20 Jan 2014 17:00pm
WINDHOEK, 20 JAN (NAMPA) Deputy Commissioner of Prisons Tuhafeni Hangula who is facing fraud charges over the authenticity of his school-leaving certificate, has on Monday denied the alleged fraud charges.
Hangula denied such allegations when he entered a plea of not guilty to the charges at the start of his trial in the Windhoek Magistrate's Court along Luderitz Street here on Monday morning as per instructions of his locally-based defence lawyer Sisa Namandje.
He appeared before presiding Windhoek Magistrate John Sindano, and pleaded not guilty to six counts of fraud, forgery, uttering, including a count of carrying suspected stolen goods.
According to earlier media reports, Hangula had testified about this issue in the High Court in Windhoek in October 2012 during a trial on a defamation claim that he had instituted against weekly newspaper 'Informante' about an article which did not deal with his school qualifications.
Hangula won the above-mentioned defamation case against the weekly publication 'Informante' and its editor Nghidipo Nangolo in connection with a story in which it was claimed that he had helped an alleged fraud suspect to flee from Namibia while that suspect was free on bail.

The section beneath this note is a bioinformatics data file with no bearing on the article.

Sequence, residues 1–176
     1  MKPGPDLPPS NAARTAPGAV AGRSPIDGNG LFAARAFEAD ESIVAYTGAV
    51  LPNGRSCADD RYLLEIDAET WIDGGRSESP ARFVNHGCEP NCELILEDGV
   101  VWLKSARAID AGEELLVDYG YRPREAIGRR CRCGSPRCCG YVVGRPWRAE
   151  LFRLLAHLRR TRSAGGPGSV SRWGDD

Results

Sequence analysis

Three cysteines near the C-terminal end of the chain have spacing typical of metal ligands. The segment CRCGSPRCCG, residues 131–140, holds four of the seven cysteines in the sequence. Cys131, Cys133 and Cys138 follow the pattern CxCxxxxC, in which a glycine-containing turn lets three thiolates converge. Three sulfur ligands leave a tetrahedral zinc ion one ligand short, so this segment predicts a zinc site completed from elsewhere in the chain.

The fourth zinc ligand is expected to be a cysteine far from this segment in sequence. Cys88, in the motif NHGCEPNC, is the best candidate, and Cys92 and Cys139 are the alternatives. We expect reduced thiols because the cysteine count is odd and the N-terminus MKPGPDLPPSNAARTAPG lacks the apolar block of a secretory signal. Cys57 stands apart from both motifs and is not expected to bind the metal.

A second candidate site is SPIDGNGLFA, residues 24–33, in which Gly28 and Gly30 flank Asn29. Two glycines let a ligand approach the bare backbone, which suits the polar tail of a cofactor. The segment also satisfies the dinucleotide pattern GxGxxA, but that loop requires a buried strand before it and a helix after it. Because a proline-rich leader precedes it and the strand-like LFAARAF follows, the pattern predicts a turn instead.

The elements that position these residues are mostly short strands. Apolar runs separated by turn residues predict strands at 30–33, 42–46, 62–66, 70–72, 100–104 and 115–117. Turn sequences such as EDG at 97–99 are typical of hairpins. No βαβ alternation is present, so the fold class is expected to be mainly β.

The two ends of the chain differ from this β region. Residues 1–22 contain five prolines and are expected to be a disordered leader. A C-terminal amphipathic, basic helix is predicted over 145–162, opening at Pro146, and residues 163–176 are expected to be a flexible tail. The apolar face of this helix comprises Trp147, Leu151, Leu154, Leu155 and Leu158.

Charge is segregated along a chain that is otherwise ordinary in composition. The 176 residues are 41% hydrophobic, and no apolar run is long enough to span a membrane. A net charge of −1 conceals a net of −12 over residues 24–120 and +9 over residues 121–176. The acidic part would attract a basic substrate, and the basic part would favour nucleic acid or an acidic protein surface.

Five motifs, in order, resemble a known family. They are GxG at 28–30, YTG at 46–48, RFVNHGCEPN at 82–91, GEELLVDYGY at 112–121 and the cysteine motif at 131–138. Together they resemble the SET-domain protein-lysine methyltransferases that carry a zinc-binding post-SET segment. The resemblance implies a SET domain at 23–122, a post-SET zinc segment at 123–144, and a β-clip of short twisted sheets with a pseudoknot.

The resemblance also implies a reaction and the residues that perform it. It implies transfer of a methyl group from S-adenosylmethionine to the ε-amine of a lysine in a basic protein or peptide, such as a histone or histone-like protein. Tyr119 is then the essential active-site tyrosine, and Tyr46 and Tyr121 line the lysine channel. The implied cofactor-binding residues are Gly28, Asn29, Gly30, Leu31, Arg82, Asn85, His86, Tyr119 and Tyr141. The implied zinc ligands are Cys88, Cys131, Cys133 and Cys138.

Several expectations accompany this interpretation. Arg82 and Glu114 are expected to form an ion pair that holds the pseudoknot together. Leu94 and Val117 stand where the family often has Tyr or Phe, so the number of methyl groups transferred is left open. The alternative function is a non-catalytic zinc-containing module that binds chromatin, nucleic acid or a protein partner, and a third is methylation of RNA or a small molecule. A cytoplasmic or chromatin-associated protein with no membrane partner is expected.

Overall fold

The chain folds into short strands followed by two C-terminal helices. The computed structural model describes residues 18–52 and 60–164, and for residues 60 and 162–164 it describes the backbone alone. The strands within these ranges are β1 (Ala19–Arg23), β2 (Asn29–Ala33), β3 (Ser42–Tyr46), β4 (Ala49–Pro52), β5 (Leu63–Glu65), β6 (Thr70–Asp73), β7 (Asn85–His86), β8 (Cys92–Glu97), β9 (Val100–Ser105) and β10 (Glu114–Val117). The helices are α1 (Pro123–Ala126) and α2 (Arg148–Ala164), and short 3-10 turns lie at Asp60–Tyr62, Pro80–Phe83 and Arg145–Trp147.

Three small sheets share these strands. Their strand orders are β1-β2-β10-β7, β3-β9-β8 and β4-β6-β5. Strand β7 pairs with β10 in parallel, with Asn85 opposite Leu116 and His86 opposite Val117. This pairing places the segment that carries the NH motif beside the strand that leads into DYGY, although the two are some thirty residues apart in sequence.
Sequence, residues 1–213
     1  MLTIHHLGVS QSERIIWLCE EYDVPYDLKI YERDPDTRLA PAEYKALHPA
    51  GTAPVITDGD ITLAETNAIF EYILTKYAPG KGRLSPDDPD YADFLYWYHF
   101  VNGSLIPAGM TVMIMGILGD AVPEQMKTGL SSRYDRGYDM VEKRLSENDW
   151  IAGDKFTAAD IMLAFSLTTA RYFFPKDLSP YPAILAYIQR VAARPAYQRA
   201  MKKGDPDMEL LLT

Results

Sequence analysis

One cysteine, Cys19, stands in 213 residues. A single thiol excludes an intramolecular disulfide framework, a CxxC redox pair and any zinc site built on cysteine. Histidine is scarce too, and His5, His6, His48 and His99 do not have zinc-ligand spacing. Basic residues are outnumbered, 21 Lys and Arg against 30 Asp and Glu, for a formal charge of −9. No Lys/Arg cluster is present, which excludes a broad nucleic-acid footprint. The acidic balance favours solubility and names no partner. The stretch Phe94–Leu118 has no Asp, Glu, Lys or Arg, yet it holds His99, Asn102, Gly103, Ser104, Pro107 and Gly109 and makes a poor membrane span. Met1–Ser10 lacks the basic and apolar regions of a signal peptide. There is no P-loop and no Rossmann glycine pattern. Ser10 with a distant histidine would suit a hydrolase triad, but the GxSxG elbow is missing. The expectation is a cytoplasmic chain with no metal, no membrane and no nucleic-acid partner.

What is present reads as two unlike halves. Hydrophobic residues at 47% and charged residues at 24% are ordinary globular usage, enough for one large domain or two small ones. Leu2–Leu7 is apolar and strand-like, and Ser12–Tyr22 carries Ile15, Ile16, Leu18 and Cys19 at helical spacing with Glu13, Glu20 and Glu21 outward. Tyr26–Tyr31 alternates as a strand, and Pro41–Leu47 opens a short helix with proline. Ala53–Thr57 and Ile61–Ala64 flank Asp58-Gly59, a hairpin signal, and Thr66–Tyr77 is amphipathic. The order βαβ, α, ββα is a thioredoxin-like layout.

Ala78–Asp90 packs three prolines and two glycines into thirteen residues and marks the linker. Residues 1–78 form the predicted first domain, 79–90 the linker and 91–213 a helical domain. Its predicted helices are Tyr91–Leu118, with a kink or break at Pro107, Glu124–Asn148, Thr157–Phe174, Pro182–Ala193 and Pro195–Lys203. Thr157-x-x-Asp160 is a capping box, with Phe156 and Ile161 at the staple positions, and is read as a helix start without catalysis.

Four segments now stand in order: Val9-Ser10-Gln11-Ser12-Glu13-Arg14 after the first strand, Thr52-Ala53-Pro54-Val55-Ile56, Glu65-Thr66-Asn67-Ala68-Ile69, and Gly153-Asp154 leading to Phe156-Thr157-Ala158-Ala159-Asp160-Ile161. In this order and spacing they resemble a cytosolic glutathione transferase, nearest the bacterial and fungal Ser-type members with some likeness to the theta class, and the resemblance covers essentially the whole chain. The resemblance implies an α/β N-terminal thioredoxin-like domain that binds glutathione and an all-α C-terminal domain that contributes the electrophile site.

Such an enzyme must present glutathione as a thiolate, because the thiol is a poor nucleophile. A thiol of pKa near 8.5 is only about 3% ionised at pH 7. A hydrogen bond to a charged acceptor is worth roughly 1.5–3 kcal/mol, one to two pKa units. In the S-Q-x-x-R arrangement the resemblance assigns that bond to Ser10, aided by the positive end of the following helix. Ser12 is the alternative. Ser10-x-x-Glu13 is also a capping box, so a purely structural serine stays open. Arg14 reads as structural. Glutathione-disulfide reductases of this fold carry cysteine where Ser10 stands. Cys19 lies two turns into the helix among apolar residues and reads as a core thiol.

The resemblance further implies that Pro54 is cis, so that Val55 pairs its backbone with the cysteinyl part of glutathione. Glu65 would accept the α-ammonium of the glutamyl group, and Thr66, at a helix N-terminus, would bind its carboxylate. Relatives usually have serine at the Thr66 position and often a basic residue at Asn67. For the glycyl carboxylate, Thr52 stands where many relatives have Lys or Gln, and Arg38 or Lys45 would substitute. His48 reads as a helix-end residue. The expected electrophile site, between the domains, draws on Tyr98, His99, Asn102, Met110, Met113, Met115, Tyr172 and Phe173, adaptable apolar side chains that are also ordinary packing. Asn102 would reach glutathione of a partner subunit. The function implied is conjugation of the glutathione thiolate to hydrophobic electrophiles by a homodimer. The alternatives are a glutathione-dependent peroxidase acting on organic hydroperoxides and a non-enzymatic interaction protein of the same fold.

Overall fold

High Court Judge Dave Smuts cleared Hangula of any wrongdoing when he delivered a ruling on the matter on 27 November 2013.
Meanwhile, documents that were placed before the court in that defamation case indicated that the correctness of Hangula's Standard 10 certificate was confirmed in a letter which was signed by an official in the then-Ministry of Education and Culture in April 1995.
However, in a letter which the Ministry of Education's Director of National Examinations and Assessment, Charles Nyambe had written to the Office of the Ombudsman in March 2011, it was stated that it was established with a subsequent investigation of records in the Education Ministry that Hangula's school-leaving certificate was not genuine.
Hangula had also himself testified during the hearing of his defamation claim that he was employed in the public service before Namibia attained independence on the basis of the Standard Eight (Grade 10) qualification, which he had at that time.
However, Hangula has continued to improve his academic qualifications in spite of questions about the validity of his school certificate over the past few years.
He graduated from the Polytechnic of Namibia with a Bachelor of Criminal Justice (Correctional Management) degree in 2012.
Hangula has been investigated by the Anti-Corruption Commission (ACC) for the past 10 years in connection with this alleged fraud case.
He is currently on suspension with full pay, pending the outcome of the case.
Hangula is free on bail of N.dollars 2 000, which was on Monday also extended until Tuesday for the continuation of trial.